DestinationsForeign tourists expected to take advantage of weak currency as Japan reopens without restrictions on 11 October.

Japan flings open gates with a yen for international tourists

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Japan will welcome back all international tourists from mid-October.
Japan will welcome back all international tourists from mid-October. Photo Credit: Unsplash/Aphriell Art

Bang the drums – Japan is lifting the ban on individual travellers and dropping daily limits on the number of inbound international visitors to the country.

It will also remove visa requirements for visitors from countries which were exempted before the pandemic.

The changes will take affect from 11 October 2022.

After keeping out travellers for almost two years, in June the Japanese government increased inbound traveller caps from 10,000 to 20,000 per day and abolished some proof of vaccination requirements, if visitors were part of a supervised group tour.

Those restrictions were further eased in September and now – with the yen at its weakest in 24 years and the country badly needing the economic stimulus of foreign tourists – the government has acted to lure international visitors back to its hotel, shops and restaurants.

Japan had less than 250,000 foreign visitors in 2021, well below a record 31.9 million in 2019.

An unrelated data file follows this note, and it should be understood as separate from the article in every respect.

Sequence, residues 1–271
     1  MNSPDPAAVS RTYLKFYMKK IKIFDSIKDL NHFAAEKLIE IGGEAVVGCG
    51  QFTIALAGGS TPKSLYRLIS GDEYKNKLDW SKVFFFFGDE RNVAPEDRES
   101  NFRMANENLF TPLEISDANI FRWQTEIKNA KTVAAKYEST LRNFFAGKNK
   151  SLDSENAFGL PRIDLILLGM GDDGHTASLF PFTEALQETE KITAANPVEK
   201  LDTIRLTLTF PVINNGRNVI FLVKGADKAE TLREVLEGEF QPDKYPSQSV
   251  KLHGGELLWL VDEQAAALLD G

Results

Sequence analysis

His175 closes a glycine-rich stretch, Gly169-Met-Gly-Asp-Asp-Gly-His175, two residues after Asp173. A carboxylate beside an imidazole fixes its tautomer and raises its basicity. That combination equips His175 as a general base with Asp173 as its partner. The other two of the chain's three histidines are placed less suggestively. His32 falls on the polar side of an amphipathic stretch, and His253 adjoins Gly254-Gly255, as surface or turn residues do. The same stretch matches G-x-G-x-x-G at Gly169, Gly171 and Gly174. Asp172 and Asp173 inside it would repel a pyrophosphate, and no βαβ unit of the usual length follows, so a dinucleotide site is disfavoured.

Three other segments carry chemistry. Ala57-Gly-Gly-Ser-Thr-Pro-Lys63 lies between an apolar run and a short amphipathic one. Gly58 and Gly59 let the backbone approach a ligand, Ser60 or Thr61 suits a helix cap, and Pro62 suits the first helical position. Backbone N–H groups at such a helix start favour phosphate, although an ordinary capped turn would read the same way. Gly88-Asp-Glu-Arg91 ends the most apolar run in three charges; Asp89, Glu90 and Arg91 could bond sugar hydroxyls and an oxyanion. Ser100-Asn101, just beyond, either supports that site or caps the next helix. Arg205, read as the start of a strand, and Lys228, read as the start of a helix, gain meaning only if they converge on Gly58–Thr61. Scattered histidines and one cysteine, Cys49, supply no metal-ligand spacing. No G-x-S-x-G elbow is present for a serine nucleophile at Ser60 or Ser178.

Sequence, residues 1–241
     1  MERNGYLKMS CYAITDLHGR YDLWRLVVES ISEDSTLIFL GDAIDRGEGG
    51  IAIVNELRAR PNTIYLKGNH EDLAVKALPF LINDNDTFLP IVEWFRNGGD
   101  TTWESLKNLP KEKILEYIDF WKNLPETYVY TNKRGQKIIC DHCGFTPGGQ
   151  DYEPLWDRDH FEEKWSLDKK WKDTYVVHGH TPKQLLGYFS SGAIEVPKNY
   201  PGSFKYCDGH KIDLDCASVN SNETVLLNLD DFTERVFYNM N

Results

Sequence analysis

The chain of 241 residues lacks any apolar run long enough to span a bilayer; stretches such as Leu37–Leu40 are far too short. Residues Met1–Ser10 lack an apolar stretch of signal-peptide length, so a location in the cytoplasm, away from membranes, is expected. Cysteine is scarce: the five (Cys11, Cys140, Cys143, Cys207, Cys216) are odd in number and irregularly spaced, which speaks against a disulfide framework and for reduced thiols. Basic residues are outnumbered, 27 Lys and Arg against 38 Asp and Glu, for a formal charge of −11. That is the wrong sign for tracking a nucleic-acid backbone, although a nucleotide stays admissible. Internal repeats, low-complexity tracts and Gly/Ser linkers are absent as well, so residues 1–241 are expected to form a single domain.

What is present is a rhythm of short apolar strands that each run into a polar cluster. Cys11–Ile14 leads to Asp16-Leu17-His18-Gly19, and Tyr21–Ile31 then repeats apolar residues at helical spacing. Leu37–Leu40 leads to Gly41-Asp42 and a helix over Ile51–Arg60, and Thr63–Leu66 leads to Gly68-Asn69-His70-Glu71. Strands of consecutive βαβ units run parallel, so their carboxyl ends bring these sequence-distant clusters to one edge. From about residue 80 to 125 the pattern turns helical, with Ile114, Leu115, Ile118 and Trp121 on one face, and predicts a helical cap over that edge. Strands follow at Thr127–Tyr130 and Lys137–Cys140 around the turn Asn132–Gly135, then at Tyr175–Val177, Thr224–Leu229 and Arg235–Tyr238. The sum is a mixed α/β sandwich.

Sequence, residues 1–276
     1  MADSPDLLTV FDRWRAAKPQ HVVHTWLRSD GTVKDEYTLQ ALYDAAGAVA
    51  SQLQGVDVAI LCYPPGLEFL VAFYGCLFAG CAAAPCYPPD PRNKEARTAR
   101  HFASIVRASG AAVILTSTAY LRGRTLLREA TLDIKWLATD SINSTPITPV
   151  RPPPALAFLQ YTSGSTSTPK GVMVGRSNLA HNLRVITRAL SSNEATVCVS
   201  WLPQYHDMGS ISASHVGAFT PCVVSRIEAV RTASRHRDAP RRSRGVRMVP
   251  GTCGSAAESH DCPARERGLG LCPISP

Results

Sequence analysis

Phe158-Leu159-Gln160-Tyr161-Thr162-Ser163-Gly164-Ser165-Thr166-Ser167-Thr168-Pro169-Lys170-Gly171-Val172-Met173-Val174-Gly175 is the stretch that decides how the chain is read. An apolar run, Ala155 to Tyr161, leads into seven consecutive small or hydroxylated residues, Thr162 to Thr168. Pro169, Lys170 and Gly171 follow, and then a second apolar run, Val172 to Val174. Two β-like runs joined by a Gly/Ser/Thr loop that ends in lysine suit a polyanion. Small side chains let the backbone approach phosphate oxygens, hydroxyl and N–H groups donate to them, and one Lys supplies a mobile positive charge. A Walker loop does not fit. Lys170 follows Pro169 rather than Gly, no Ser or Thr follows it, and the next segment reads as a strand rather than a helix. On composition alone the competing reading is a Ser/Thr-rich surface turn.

Industry members have responded positively to the reopening of Japan’s borders and the positive impact this will have on outbound Japanese traffic.

Alex Barros, director of marketing and Innovation at Beonprice, a revenue management and total profitability platform for the hotel sector, said the opening to foreign tourists gave a “very clear signal” that the Japanese government sees the wider world as safe again.

“This is something that will be comforting to Japanese tourists. Hotels should therefore be activating their Japan sales and marketing channels again.” 

Shinichi Inoue, president of All Nippon Airways, told reporters, "We will see a significant impact on the economy", adding that the yen's sharp decline against the dollar is a "huge attraction" to foreigners.

Wolfgang Emperger, senior vice president at Shiji Group, said the recovery in Japanese outbound would be slow because of the weak yen but that should not detract from the value to hotels of Japanese tourists.

“They book further in advance, stay for longer, cancel less, take higher room categories and spend more in the property on services like room service or buying in-destination experiences via the concierge,” Emperger added.

Along with Japan, Taiwan and Hong Kong are planning to reopen their borders fully to international travellers, leaving only mainland China and North Korea with Covid-19 entry restrictions still in place.

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